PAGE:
In a town known for dealing hard knocks, country singer/songwriter Brit Taylor hasn’t flinched. After a decade “of playing by the rules”, she broke out on her own and, in less than a year, released her debut album Real Me in 2020, followed by Real Me Deluxe in 2021, and she has already written and recorded her next album, Kentucky Blue, scheduled for release early next year. Her highly acclaimed debut album Real Me (opening after just 10 days as the highest-ranking debut album on the AMA/CDX Radio Chart at No. 37 and receiving positive reviews from American Songwriter, Rolling Stone, NPR’s World Cafe and others) was a self-reflective journey to self-awareness from the depths of despair. Her anticipated new album, produced by Grammy winners Sturgill Simpson and David Ferguson, is a happier, more upbeat record, simply reflecting her life today.
Born where the famed Country Music Highway 23 slices through the Kentucky mountains, she grew up with family and music – and idols she loved – Chris Stapleton, Loretta Lynn, Tyler Childers, Dwight Yoakum, Patty Loveless, The Judds and so many more. Life was good for the singer who spent her childhood years on the Kentucky Opry, followed by a move to Nashville, a college degree, a music deal, marriage, and a mini-farm. And then it all went bad. Divorce, a band that dissolved, a beloved dog that died, a car that just quit, a publishing deal gone sour and a bank that wanted her home all made for a winter of despair. After a brief wallow in self-pity, Brit went to work, determined to make her music her way. Sick, tired and broken hearted from the “new Nashville” and the type of songs she was expected to write, she boldly walked away from her song-writing deal. Because she’d rather “clean shitty toilets than write shitty songs any longer,” Brit cleaned houses to pay the bills and successfully turned her side hustle into a bona-fide small business with employees. At the same time, she served as “general contractor” for her self-financed Real Me, pulling together a cast of professionals to produce it, to write with her, to play with her and to market her, all while recording on her own, newly created record label, Cut a Shine Records.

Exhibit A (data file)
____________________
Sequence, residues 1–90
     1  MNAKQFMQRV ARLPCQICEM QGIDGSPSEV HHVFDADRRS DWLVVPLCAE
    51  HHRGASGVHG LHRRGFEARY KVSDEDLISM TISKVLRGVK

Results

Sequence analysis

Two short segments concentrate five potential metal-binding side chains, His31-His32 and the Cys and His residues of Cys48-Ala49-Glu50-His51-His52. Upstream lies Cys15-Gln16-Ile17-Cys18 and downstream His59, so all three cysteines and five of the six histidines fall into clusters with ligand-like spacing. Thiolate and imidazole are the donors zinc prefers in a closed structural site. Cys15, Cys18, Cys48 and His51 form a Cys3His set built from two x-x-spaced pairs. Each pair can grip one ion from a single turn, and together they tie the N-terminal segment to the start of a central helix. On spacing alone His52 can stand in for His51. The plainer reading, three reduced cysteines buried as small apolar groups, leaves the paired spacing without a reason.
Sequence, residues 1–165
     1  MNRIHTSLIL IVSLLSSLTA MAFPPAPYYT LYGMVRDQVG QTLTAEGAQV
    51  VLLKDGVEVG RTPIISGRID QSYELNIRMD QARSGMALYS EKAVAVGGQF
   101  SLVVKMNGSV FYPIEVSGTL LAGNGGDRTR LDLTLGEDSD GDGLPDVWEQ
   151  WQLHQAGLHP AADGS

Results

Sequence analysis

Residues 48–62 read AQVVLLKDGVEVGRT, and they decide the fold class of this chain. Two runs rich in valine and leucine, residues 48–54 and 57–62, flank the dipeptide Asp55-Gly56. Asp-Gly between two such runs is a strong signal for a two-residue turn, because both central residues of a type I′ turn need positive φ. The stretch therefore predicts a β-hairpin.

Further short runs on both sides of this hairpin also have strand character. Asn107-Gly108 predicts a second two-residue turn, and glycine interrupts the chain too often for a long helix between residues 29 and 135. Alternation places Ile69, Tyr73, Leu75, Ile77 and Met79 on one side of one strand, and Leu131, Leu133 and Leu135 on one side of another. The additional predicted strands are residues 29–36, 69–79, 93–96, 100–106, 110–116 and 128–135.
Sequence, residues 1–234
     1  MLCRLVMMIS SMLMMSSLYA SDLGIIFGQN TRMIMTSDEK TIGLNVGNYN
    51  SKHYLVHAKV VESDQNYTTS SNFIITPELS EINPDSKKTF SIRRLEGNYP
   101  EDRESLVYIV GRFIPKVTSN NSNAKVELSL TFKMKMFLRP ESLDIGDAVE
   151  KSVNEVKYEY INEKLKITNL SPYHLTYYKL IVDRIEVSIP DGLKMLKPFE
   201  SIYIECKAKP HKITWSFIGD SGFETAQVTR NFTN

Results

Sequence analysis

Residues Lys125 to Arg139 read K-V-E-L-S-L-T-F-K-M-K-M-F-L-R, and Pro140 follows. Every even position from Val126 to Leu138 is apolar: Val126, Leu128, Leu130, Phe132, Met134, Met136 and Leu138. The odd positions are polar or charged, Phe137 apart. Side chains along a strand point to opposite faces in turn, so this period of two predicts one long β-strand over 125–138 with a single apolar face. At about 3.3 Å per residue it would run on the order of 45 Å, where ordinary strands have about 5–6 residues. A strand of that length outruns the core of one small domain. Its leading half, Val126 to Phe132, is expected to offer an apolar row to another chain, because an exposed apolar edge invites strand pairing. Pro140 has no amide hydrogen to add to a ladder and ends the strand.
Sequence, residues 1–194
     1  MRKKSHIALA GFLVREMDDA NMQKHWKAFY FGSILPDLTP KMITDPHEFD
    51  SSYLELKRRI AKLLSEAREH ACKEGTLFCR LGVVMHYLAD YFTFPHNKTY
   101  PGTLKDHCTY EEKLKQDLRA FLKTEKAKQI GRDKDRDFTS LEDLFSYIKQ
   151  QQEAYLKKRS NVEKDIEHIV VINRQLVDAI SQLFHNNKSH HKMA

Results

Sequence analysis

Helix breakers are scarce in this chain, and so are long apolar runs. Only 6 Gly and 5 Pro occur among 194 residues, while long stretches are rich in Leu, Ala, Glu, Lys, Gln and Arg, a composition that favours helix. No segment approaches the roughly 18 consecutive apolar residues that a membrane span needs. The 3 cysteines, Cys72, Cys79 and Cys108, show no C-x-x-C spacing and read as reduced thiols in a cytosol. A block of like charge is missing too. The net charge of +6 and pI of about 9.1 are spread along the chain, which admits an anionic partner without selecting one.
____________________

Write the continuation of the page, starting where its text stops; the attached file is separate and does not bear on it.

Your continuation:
Her newest single “Kentucky Blue,” the title song for her album being released Feb. 3, 2023, follows the recent release of “Cabin in the Woods,” an upbeat tune with a healthy dose of swagger. The 2020 release of her self-reflective debut album Real Me quickly gained favorable reviews and immediate fan reception (“…a beautiful mix of classic country but vintage singer/songwriter and some bluegrass thrown in” – NPR World Café; “… a stunner which lyrically showcases Taylor’s brutally honest feelings” – American Songwriter; “… traditional country and reflective songwriting…Real Me is hard to beat” – CMT) led to the album debuting on the AMA/CDX Radio Chart at No. 37, the highest-ranking debut album on the chart and just 10 days after the album’s release. She followed with Real Me Deluxe and two single collaborations – “At Least There’s No Babies” with Dee White and “Gone as It Gets” with Adam Chaffins, Meg McCree and Ben Chapman.
Taylor was featured with an official artist showcase at the 2022 critically acclaimed AMERICANAFEST. She headlined the official packed-house, after-party at The Burl in Lexington of Kentucky Rising, an all-star concert in Lexington, KY, to raise money for flood victims in East Kentucky. Taylor’s impressive list of live performances this year includes opening for childhood hero and fellow East Kentuckian Dwight Yoakam, Ian Noe, Alabama and Robert Earl Keen. She is hitting the road with Kelsey Waldon and Blackberry Smoke this fall. She will be featured Thanksgiving weekend on PBS’s “The Caverns Sessions” (formerly known as “Bluegrass Underground”), a magical, musical series taped deep within the subterranean amphitheater of The Caverns in Tennessee’s Cumberland Mountains.
Brit is bravely standing out as her own self. With new publishing (Reservoir and One Riot) and distribution (Thirty Tigers) deals in hand, she knows it won’t be an easy path to navigate, but Brit learned that the best GPS is her inner self. She remains true to the timelessness of her sound and the honesty of her lyrics.
Today, the power of her music is that it is refreshingly simple yet surprisingly complex. Always true to herself, Brit Taylor continues to tells stories in song which manage – whether they are dramatic, humorous or heartfelt – to be downright honest. It is who she is. It is who she wants to be.